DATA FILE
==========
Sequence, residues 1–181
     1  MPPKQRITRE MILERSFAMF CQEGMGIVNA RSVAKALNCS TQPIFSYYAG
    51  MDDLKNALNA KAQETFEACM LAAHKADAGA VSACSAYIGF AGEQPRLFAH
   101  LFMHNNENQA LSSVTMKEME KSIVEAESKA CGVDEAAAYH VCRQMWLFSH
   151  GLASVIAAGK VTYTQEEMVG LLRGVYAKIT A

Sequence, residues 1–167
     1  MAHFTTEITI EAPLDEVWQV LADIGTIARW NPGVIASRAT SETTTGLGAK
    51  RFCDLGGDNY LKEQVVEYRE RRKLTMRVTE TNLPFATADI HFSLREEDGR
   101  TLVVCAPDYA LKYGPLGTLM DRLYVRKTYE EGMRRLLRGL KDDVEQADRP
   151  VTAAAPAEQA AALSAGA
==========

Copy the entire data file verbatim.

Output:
Sequence, residues 1–181
     1  MPPKQRITRE MILERSFAMF CQEGMGIVNA RSVAKALNCS TQPIFSYYAG
    51  MDDLKNALNA KAQETFEACM LAAHKADAGA VSACSAYIGF AGEQPRLFAH
   101  LFMHNNENQA LSSVTMKEME KSIVEAESKA CGVDEAAAYH VCRQMWLFSH
   151  GLASVIAAGK VTYTQEEMVG LLRGVYAKIT A

Sequence, residues 1–167
     1  MAHFTTEITI EAPLDEVWQV LADIGTIARW NPGVIASRAT SETTTGLGAK
    51  RFCDLGGDNY LKEQVVEYRE RRKLTMRVTE TNLPFATADI HFSLREEDGR
   101  TLVVCAPDYA LKYGPLGTLM DRLYVRKTYE EGMRRLLRGL KDDVEQADRP
   151  VTAAAPAEQA AALSAGA